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Nutrient: Essential Amino Acids

Amino acids are the building blocks of protein. Of the 20 amino acids that make up dietary protein, 9 are essential and 11 are non-essential.

By: John Berardi


What Is It?

Essential Amino Acids - Amino acids are the building blocks of protein. Of the 20 amino acids that make up dietary protein, 9 are essential and 11 are non-essential.

Essential Non-essential
Histidine Alanine
Isoleucine Arginine
Leucine Aspartic Acid
Lysine Cysteine
Methionine Tyrosine
Phenylalanine Glutamic Acid
Tryptophan Glutamine
Valine Glycine
Threonine  Asparagine
  Proline
  Serine

An amino acid is considered essential because the body cannot make it from other dietary components. Therefore if one's diet does not contain a full complement of the essential amino acids, a nutritional deficiency exists.


What Does It Do?

During exercise, protein breakdown increases with no rise in protein synthesis. This means that training and competing can be very catabolic times, no matter what type of exercise you do. Fortunately, during the post-exercise period, this muscle catabolism can be slowed as protein synthesis begins to rise.

However, this increase still isn't enough to counter the protein breakdown that's still occurring. The net result of this workout and post workout catabolism is that muscle recovery and improvement (if endurance exercise is your thing) or growth (if strength exercise is your thing) is hampered.

Current research in dietary supplementation has targeted these catabolic times, attempting to minimize the catabolism and maximize the anabolism (including recovery, improvement, and/or growth). This research has demonstrated that essential amino acids (alone or with carbohydrates) ingested before, during, or after exercise promote huge increases in protein balance.


Where Does It Come From?

Essential Amino Acids are basic dietary components that comprise all of the proteins we eat. However, the provision of these amino acids individually (or as part of an easily digestible complete protein like hydrolyzed or isolated whey protein) can lead to more rapid digestion and absorption and faster recovery.

Furthermore, 3 of the 9 essential amino acids are the often-discussed branched chain amino acids (BCAA). These amino acids are important to muscle metabolism and may prevent central fatigue.


How Do I Use It?

Strength and endurance athletes will benefit from approximately 6g per 70kg mass of EAA ingested immediately prior to and/or during exercise.

Alternatively, athletes could choose to consume 0.4g/kg of rapidly digesting protein like whey hydrolysate or whey concentrate/isolate. For further benefit add 0.8g/kg carbohydrate to enhance the recovery effects of these amino acids.

Credibility Rating:

Rating Scale:

4/4 - This supplement/regimen has significant scientific backing and can produce significant benefits in most individuals.

3/4 - There exists a sound theoretical basis for its ergogenic effects; may work in certain individuals; further research is needed to elucidate their respective effects.

2/4 - Science is equivocal, animal data and human data may be conflicting; or mechanism of action may be unclear.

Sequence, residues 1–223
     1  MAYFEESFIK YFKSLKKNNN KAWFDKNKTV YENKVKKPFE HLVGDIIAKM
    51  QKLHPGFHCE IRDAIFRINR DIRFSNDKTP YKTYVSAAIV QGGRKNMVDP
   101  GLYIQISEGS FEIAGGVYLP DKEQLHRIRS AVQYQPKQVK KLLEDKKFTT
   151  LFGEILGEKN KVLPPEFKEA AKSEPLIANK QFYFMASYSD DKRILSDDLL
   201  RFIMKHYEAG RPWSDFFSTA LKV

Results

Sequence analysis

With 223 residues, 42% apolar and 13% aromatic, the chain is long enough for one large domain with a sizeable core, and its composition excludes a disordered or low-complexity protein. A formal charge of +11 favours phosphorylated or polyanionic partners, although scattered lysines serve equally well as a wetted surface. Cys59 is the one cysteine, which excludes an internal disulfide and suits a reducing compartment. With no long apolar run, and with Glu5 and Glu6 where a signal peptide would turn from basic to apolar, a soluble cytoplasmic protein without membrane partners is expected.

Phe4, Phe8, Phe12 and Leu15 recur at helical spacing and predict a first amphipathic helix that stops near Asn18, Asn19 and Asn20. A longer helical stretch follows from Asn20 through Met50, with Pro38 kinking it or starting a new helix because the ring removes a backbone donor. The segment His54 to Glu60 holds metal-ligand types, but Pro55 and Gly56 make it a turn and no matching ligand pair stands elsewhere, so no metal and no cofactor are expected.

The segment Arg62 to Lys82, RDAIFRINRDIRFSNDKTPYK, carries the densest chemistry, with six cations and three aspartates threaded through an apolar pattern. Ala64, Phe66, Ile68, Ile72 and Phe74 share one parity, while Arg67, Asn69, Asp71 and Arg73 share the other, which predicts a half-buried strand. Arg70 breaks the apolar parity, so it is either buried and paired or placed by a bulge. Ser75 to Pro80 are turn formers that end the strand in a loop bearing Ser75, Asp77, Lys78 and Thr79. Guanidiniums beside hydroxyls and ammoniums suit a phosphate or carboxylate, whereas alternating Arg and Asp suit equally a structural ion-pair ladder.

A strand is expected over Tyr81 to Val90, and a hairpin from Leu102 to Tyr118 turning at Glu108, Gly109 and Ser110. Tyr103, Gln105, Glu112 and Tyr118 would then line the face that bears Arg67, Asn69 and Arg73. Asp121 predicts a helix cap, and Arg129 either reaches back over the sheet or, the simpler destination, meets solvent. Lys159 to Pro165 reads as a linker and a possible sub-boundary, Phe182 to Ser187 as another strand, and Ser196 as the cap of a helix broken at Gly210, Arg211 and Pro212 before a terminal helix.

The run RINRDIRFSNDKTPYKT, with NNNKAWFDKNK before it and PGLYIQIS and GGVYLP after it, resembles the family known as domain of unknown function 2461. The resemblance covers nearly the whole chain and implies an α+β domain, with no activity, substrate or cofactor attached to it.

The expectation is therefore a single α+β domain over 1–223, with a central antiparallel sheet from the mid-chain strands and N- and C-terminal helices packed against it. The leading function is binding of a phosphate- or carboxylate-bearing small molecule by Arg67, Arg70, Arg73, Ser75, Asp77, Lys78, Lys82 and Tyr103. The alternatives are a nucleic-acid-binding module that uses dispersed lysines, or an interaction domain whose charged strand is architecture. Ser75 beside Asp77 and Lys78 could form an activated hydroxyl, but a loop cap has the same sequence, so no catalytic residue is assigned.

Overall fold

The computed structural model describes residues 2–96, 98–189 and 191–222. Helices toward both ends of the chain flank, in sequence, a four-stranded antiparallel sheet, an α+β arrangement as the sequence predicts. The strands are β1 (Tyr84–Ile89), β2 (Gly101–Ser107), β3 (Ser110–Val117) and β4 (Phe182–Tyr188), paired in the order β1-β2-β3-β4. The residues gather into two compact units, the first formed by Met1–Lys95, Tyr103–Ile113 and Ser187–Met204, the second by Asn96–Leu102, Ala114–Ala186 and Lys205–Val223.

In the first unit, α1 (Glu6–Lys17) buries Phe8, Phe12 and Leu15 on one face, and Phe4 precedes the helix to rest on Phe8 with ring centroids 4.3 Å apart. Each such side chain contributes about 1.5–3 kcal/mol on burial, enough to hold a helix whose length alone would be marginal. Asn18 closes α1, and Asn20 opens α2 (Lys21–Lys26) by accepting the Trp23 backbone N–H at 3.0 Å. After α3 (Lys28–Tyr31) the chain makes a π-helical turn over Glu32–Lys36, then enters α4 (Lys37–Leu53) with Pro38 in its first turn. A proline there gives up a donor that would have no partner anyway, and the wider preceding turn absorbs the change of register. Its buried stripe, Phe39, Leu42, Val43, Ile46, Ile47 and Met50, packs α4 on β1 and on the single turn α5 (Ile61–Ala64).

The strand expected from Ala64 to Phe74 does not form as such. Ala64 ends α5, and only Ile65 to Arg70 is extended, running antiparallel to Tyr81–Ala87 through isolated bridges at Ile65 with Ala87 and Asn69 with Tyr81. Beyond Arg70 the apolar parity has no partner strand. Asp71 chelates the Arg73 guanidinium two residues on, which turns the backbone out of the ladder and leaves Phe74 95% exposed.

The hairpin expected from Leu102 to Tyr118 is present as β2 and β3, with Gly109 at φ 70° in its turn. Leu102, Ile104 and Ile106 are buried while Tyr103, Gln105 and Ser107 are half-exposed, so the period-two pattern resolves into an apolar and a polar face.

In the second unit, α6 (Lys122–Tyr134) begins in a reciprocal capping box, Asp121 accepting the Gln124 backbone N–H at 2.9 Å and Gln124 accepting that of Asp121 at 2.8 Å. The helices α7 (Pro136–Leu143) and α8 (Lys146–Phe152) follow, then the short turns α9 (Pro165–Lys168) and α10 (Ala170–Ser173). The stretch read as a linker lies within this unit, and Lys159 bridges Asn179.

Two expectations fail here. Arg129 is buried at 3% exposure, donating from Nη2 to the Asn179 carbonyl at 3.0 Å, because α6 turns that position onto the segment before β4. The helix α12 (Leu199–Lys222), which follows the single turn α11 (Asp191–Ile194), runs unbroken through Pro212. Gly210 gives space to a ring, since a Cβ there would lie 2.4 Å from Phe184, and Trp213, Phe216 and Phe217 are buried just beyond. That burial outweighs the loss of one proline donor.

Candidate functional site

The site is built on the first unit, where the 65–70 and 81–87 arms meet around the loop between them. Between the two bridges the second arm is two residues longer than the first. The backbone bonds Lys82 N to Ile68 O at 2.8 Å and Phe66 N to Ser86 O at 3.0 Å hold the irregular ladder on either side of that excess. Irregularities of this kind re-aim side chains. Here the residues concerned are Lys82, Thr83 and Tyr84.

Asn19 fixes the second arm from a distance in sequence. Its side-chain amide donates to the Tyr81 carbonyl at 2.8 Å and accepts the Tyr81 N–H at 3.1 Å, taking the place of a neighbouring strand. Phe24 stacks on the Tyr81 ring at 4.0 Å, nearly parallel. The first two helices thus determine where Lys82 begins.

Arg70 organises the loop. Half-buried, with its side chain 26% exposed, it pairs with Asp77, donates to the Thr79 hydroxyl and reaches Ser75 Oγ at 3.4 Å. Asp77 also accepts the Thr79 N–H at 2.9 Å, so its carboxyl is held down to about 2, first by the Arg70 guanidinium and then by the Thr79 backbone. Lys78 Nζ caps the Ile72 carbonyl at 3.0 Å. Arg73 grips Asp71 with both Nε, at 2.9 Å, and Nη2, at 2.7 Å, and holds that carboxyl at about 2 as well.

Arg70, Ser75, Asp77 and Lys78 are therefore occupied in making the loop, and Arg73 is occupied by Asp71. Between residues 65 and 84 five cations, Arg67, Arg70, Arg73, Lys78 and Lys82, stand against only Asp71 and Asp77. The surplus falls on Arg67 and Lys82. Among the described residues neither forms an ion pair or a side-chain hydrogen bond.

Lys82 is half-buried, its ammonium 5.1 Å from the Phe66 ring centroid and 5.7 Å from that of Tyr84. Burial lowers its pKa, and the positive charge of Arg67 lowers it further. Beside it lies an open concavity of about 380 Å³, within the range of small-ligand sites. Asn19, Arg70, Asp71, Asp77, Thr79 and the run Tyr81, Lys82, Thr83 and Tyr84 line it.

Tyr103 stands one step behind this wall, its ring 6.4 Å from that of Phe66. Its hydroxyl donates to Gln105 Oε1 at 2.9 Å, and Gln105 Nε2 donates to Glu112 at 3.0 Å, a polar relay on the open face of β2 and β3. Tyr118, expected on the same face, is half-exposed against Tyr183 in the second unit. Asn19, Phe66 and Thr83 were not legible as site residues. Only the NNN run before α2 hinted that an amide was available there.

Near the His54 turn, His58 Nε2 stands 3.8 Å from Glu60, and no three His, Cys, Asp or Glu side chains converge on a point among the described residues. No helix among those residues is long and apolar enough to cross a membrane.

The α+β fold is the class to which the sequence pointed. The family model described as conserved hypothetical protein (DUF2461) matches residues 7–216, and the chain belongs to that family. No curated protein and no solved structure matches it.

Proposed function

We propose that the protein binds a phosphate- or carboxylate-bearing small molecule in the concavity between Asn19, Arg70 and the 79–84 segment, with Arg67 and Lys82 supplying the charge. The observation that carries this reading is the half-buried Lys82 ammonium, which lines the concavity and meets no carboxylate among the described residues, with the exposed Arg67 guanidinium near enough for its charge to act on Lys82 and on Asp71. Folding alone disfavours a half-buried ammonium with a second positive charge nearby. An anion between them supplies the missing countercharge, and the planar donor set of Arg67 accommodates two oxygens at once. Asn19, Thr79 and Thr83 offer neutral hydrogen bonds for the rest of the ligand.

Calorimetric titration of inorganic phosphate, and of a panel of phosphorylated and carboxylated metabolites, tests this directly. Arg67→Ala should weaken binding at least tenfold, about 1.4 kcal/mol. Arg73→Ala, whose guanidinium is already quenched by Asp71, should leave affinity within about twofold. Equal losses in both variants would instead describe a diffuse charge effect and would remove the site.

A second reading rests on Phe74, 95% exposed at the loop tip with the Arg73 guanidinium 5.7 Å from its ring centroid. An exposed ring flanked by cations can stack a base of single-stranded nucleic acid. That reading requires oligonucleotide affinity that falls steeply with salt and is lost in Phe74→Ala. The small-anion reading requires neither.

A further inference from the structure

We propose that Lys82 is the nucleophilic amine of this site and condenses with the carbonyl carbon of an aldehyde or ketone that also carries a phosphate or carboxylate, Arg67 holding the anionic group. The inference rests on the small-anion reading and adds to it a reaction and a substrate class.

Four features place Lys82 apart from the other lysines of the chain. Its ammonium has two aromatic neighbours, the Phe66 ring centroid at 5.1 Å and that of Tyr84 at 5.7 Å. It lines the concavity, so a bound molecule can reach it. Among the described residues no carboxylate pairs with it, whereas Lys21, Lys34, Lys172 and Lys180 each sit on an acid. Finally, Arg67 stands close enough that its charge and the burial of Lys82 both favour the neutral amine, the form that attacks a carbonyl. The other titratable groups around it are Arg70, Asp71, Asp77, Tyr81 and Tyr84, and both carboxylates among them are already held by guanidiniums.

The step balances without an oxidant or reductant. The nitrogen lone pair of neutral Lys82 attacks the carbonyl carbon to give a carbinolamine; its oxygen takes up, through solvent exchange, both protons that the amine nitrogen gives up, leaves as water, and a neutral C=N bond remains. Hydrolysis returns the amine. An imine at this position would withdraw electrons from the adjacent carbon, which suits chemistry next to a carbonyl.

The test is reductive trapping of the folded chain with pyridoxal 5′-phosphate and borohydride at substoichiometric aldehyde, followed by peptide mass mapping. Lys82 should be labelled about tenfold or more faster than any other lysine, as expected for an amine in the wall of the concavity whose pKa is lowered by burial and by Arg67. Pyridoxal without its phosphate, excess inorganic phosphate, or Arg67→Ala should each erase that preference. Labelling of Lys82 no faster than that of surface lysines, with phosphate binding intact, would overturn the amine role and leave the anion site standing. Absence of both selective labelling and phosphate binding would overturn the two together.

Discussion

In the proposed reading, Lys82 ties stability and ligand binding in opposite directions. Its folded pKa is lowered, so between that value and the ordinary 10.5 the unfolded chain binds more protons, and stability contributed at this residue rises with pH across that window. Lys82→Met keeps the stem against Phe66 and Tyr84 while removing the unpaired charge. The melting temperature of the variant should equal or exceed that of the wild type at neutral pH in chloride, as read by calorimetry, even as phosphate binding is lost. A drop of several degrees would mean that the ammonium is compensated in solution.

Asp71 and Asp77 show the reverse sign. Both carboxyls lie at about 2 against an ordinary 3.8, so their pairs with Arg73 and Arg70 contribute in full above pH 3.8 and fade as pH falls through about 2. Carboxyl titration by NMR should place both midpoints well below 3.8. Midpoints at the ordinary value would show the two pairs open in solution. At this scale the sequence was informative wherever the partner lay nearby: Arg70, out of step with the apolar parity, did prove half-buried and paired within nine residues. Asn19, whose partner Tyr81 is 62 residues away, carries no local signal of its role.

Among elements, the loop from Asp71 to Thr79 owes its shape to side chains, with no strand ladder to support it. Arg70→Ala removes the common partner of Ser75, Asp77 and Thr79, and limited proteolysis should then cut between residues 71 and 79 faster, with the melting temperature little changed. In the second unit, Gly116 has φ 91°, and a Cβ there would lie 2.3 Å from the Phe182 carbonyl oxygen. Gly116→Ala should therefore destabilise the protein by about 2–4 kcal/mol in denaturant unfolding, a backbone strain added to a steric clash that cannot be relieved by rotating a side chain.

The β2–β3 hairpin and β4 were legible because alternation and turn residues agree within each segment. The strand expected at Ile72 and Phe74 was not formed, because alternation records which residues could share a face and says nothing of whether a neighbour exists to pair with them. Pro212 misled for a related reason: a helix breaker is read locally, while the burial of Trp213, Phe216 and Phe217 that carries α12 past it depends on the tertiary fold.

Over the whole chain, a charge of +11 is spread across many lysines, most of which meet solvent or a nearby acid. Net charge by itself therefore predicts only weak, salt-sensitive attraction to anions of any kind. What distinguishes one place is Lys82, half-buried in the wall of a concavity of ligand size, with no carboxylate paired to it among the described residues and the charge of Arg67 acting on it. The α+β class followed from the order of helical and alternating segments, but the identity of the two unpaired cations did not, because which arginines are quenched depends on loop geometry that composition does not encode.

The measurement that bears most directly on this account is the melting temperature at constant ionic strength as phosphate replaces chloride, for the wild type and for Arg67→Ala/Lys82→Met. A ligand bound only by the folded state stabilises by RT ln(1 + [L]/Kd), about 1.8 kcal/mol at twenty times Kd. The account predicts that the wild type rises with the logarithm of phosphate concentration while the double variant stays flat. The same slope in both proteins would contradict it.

1/4 - Little or no science as well as poor theoretical foundation.

Scientific References:

  1. Biolo, G., B. D. Williams, R. Y. Fleming, and R. R. Wolfe. Insulin action on muscle protein kinetics and amino acid transport during recovery after resistance exercise. Diabetes 48: 949-957, 1999.
  2. Borsheim, E., K. D. Tipton, S. E. Wolf, and R. R. Wolfe. Essential amino acids and muscle protein recovery from resistance exercise. Am.J.Physiol Endocrinol.Metab 283: E648-E657, 2002.
  3. Levenhagen, D. K., J. D. Gresham, M. G. Carlson, D. J. Maron, M. J. Borel, and P. J. Flakoll. Postexercise nutrient intake timing in humans is critical to recovery of leg glucose and protein homeostasis. Am.J.Physiol Endocrinol.Metab 280: E982-E993, 2001.
  4. Rasmussen, B. B., K. D. Tipton, S. L. Miller, S. E. Wolf, and R. R. Wolfe. An oral essential amino acid-carbohydrate supplement enhances muscle protein anabolism after resistance exercise. J.Appl.Physiol 88: 386-392, 2000.
  5. Roy, B. D. and M. A. Tarnopolsky. Influence of differing macronutrient intakes on muscle glycogen resynthesis after resistance exercise. J.Appl.Physiol 84: 890-896, 1998.
  6. Tipton, K. D., A. A. Ferrando, S. M. Phillips, D. Doyle, Jr., and R. R. Wolfe. Postexercise net protein synthesis in human muscle from orally administered amino acids. Am.J.Physiol 276: E628-E634, 1999.
  7. Tipton, K. D., B. B. Rasmussen, S. L. Miller, S. E. Wolf, S. K. Owens-Stovall, B. E. Petrini, and R. R. Wolfe. Timing of amino acid-carbohydrate ingestion alters anabolic response of muscle to resistance exercise. Am.J.Physiol Endocrinol.Metab 281: E197-E206, 2001.
  8. Tipton, K. D., E. Borsheim, S. E. Wolf, A. P. Sanford, and R. R. Wolfe. Acute response of net muscle protein balance reflects 24-h balance after exercise and amino acid ingestion. Am.J.Physiol Endocrinol.Metab 284: E76-E89, 2003.

About The Author

John M Berardi is one of the world's foremost experts in the field of human performance and nutrition. His company, Science Link, provides unique and highly effective training, nutrition, and supplementation programs for high level athletes as well as recreational exercisers. John is a prolific author and a sought after speaker and consultant. Visit www.johnberardi.com for more information about John and his team. Also, check out his new DVD entitled No Nonsense Nutrition.

© 2002 - 2003 Science Link, Inc. All Rights Reserved.

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